3. Neil Barnes Silver badge

      Re: staff won't be punished for "speaking truth to power"

      It's not that the staff were punished for speaking truth to power. It's just that power didn't listen to what was spoken.

      I know; I was there - and very briefly working on DMI.

    4. Anonymous Coward
      Anonymous Coward

      Re: staff won't be punished for "speaking truth to power"

      One is reminded of the fate of intellectuals in Mao's cultural revolution.

      Encouraged to constructively criticise the regime, all those who did self identified themselves as enemies of the revolution and end up in gulags, or the Chinese equivalent thereof.

      Cunning, those Chinese.

  3. TwoWolves

    I don't believe a word of it

    Watching the hysterical pro EU coverage of the referendum on BBC TV I'm of the conclusion that you can't believe a word that the BBC tell you.

    1. Anonymous Coward
      Anonymous Coward

      Re: I don't believe a word of it

      Damn this reality and it's liberal bias!

    2. Lars Silver badge
      Happy

      Re: I don't believe a word of it

      When the pro Brexit group complain about pro EU coverage and the pro EU group complain about the pro Brexit coverage then something is as it should be. If only on group complain something is wrong. I wonder what group you belong to. In the USA one channel would be only pro Brexit and some other channel would be only pro EU. I doubt you want the BBC to become either.

      1. John G Imrie

        Re: I don't believe a word of it

        I want the BBC to be able to piss of everyone, including me. Now could someone please stop them commissioning more soaps and reality TV. bloody BBC mumble mumble ...

      2. a pressbutton

        Re: I don't believe a word of it

        When the pro Brexit group complain about pro EU coverage and the pro EU group complain about the pro Brexit coverage then something is as it should be.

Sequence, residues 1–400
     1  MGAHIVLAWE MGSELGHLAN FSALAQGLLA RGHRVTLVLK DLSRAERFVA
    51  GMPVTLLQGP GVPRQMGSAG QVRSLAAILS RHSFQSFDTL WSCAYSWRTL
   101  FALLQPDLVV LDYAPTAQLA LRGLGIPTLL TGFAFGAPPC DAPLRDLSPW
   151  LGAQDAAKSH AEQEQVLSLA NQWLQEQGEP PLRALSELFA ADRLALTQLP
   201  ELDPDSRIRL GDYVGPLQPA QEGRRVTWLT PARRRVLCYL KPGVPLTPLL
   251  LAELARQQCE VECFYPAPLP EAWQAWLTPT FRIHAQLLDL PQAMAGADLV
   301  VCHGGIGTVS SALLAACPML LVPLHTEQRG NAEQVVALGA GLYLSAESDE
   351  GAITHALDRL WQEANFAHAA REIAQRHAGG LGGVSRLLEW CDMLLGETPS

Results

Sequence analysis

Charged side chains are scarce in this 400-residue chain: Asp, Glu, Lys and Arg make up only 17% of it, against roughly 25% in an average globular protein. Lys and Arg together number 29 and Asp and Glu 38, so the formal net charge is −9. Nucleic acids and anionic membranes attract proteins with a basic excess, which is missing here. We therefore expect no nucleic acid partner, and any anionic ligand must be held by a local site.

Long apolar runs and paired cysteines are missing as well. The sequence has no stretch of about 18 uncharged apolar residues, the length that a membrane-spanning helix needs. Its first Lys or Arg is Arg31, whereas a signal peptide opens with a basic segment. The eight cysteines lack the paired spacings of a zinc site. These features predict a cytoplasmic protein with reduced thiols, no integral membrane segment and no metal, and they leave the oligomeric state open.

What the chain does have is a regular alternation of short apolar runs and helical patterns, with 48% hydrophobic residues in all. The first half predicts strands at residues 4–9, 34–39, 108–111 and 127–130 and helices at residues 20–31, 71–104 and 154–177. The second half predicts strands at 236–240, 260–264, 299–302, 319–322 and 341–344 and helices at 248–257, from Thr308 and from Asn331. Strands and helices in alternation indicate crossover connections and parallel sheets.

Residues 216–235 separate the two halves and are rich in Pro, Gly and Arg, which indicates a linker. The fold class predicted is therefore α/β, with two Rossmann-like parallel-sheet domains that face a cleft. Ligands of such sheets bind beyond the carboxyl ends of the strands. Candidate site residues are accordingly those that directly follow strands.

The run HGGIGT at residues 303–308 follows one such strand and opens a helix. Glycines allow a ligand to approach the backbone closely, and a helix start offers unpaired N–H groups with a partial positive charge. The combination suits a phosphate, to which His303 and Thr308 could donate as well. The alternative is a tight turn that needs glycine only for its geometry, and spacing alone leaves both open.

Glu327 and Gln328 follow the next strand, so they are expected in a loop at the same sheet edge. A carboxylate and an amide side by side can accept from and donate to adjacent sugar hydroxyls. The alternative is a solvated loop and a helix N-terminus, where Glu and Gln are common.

Well, maybe

        However it is undoubtedly true that the BBC is biased

        To the centre.

  4. Yugguy

    Cult of celebrity

    Sweet - they're going to abolish the cult of celebrity, of unearned respect?

    I'll believe that when I see it.

  5. wolfetone Silver badge

    Ah, so it was the threat of punishment for speaking out against a man who systematically abused children for decades that stopped them speaking out.

    All makes sense now. The needs of the few outweigh the needs of the many to some people doesn't it?

  6. Anonymous Coward
    Anonymous Coward

    So... Jim fixed it for them?

    "everyone knew it was going wrong but didn’t say anything. Post Savile people "

  7. SkippyBing

    So the two journalists who did the initial Newsnight piece not working for the BBC any more is entirely coincidental...

  8. Natalie Gritpants Silver badge

    Not sure I want MyBBC

    Sure you can't categorize the internet like Alta-Vista used to and so we have Google et al inveigling themselves into your life to give you the kitten videos you want.

    But the BBC's material is not so vast that it can't be categorized. If I want celebrity bell ringing competitions I'll know where to look.